63 posts tagged "Celine"
With the holidays in full swing, we’re in a festive spirit here at Style.com. And when it comes to party looks, we’re feeling for fringe—the stuff was all over the Spring ’14 runways. Imagine twirling on the dance floor in the white leather jacket from Altuzarra, or shimmying about in Emilio Pucci’s glam poncho. Decorative tassels added an artisanal touch at Dries Van Noten, Marc Jacobs, and Alexander Wang, while dense, carpetlike shag turned up at Proenza Schouler and 3.1 Phillip Lim. If a full-on fringy outfit is too much for you, get the look with a bohemian handbag similar to the ones we spotted at Céline, Valentino, and Gucci.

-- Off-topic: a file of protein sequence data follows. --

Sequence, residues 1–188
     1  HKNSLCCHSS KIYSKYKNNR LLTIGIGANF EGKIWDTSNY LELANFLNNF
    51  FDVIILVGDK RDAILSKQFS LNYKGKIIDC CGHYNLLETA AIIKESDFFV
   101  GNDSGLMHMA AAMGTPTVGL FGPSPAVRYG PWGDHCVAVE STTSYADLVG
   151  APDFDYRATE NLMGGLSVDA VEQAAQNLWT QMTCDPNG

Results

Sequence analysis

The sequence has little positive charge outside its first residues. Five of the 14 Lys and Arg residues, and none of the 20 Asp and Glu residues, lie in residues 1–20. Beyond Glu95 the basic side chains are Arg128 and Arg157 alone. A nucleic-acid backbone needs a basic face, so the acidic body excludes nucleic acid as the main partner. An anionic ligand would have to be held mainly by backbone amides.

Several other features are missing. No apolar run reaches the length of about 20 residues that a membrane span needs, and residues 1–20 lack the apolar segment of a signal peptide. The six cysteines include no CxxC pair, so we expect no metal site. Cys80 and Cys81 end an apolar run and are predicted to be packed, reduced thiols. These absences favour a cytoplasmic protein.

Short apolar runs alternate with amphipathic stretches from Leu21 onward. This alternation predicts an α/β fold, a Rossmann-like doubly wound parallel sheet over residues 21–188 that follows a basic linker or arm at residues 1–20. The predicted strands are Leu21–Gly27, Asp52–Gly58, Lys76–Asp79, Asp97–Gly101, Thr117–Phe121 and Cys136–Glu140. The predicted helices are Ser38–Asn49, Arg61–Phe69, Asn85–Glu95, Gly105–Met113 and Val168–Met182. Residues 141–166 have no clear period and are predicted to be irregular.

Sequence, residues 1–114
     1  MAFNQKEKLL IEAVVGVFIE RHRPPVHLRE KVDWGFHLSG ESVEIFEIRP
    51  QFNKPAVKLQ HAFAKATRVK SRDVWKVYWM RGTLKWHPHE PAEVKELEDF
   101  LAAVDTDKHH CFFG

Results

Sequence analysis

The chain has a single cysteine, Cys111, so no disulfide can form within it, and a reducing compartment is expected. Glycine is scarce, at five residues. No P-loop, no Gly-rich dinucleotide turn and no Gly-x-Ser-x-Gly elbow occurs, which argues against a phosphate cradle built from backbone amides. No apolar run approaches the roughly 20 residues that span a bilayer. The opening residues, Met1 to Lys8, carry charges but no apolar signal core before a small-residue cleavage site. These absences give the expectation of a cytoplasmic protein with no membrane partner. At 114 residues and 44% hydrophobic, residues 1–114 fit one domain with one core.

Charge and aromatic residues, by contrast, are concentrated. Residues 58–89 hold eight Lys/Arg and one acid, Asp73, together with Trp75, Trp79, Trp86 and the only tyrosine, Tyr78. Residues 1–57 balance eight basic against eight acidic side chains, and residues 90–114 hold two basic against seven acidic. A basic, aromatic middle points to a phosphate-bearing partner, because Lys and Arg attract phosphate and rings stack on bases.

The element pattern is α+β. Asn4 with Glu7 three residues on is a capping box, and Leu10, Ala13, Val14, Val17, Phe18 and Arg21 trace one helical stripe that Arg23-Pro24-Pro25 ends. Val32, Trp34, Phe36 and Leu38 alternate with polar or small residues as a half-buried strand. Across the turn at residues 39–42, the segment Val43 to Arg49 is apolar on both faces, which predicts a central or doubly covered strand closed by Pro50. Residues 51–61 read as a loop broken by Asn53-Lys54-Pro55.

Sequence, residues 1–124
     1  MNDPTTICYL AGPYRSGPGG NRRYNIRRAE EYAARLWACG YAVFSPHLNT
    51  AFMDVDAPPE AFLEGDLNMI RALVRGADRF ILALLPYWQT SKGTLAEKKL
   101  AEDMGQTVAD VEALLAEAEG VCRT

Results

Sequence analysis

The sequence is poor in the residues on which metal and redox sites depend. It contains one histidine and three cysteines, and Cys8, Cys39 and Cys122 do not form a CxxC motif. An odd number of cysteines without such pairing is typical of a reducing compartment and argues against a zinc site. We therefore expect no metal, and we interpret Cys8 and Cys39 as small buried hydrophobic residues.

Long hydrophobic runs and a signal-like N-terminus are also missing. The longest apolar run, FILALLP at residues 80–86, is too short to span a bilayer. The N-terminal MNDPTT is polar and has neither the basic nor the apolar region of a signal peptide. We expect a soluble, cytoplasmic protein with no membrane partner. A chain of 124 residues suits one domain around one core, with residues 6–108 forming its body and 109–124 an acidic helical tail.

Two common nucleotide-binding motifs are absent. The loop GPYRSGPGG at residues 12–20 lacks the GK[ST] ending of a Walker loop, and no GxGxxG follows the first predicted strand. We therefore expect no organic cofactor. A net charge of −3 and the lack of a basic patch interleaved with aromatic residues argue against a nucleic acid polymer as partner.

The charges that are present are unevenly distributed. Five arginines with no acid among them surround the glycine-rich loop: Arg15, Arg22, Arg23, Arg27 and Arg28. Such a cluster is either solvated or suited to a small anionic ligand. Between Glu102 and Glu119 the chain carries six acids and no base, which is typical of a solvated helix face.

An army of mannequins clad in vibrant plaids, masks, and cowboy hats. A cherry-red assemblage fashioned from a Coca-Cola cart. A photograph of a giant ear. These are just a few of the works one encounters while touring German artist Isa Genzken’s new show at the Museum of Modern Art.
The exhibition marks Genzken’s first retrospective stateside, presented with support from Céline. (Creative director Phoebe Philo is a huge Genzken fan, and flew to New York to toast the opening with a party.) “It’s past time,” says MoMA curator Laura Hoptman. “It’s a goldmine of innovative work by a strong woman artist that had never been seen in the United States. It was kind of a curator’s dream.” Indeed, visitors unfamiliar with Genzken who, now 65, has been producing art for the past forty years, are given much to explore, from the artist’s minimal wooden Ellipsoids to her unsettling found-object sculptures to her imposing comments on metropolitan architecture.